20 Ways to Be a Great Literary Citizen, According to Gottfried Wilhelm Leibniz
Advice on dealing with envy, gout, and rivals you'd like to put to death
Unlike the reclusive Spinoza, the philosopher Gottfried Wilhelm Leibniz was a spirited participant in the Republic of Letters, not just a reader and writer but an energetic correspondent and an enthusiastic member of countless literary communities. One unexpected benefit of making him a main character in my new novel, The Organs of Sense, was becoming acquainted with his model of literary citizenship, which even today offers a great deal of useful wisdom for writers who wish to be good literary citizens.
1. Read widely…
The polymathic Leibniz read across all genres: poetry, history, law, philosophy, theology, linguistics, medicine, and mathematics, among many others.
2. …and in more than one language.
He understood German, Latin, French, Greek, English, Italian, Dutch—and also Hebrew, Chinese, and Sanskrit.
3. Workshop with friends.
Leibniz was always on the lookout for new communities with which to share his work. He presented papers to scholarly societies across Europe and toward the end of his life even sought to establish an Imperial Society of Sciences in Vienna.
4. When other writers succeed, cheer them on.
After the success of Spinoza’s Tractatus Theologico-Politicus, Leibniz sent an adulatory letter to the “celebrated doctor and profound philosopher,” praising his book.
5. At the same time, cheer on those who trash the suddenly successful writer’s book.
“You have treated this intolerably impudent work . . . as it deserves,” Leibniz wrote to Jakob Thomasius when the latter panned the Tractatus.
6. Secretly badmouth the successful writer to a considerable number of other writers.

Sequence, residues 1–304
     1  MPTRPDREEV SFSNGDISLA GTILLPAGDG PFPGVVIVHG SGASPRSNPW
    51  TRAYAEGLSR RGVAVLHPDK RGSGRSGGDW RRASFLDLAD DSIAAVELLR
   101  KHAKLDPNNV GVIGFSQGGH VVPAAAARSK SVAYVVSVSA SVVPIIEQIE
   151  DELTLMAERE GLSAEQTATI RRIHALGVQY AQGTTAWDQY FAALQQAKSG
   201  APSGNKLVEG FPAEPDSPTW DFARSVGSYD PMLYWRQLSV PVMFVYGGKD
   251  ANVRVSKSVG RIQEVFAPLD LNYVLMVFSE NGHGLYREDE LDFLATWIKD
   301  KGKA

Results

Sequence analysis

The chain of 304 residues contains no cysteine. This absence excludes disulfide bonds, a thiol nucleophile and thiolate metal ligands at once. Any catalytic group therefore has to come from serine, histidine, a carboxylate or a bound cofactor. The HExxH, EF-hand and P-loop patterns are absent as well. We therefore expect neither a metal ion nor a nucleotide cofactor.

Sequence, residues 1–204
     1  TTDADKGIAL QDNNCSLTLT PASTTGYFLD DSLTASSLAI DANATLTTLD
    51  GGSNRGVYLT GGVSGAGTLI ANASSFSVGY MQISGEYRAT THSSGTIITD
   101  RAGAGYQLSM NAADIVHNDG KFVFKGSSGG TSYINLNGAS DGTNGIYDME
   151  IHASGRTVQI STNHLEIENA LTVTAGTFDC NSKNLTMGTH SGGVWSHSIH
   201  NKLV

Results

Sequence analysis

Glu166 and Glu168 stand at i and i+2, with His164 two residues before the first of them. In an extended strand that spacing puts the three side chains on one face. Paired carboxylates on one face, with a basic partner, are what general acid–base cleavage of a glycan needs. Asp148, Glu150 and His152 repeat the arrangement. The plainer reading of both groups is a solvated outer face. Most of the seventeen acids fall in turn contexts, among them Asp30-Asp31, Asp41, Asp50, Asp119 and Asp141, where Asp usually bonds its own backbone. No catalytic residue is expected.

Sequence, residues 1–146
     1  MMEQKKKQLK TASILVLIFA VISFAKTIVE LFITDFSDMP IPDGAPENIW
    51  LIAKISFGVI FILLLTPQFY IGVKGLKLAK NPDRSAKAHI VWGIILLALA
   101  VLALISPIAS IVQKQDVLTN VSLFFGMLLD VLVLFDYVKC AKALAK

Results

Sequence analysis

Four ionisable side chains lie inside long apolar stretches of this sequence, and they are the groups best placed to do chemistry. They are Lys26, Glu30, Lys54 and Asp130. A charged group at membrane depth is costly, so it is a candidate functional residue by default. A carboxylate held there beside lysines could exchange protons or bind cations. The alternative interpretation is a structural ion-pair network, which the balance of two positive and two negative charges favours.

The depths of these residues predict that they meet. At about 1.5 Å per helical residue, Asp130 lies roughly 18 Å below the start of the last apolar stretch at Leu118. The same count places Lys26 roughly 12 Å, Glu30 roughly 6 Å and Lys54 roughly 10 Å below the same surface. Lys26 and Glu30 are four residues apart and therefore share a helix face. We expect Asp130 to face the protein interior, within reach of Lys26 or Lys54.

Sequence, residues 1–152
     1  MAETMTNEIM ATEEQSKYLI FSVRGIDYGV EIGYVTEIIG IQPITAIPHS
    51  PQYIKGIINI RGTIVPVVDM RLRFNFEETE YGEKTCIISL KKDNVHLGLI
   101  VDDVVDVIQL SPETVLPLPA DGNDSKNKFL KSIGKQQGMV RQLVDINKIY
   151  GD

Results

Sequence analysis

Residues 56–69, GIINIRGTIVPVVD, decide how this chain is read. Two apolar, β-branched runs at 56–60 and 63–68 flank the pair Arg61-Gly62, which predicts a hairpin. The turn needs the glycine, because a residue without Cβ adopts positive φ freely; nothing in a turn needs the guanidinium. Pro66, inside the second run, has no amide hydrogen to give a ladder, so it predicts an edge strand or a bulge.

To Johann Georg Graevius: “I deplore that a man of such evident erudition should have fallen so low.” To Antoine Arnauld: a “horrible book.”
7. Believe in your work, and yourself.
“I have solved the great problem of the union of the soul and the body,” Leibniz writes.
8. Encourage others to publish vicious takedowns of the suddenly successful writer’s book, even if many such takedowns have already been published.
“Piety urges that he should be refuted by a man of solid learning in oriental letters, such as you,” Leibniz wrote to a Professor Spitzel. Professor Spitzel, referring Leibniz to the various earlier refutations, declined.
9. Point out that the suddenly successful writer is a Jew.
“The author,” Leibniz points out to Professor Spitzel, “is a Jew.”
10. When you hear that another negative review is, to your delight, forthcoming, curry favor with the successful writer by tipping him off to it. Curry favor and enjoy the negative review simultaneously.
Pierre-Daniel Huet, tutor to the Dauphin, had been kind to Leibniz; nevertheless, Leibniz alerted Spinoza that Huet had a Tractatus refutation in the works.
11. Lend a hand at your local library.
Leibniz served as librarian in the court of the Duke of Brunswick-Lüneburg.
12. But demand to be called “privy councillor” instead of “librarian.”
He also demanded to be paid a privy councillor’s salary rather than a librarian’s salary.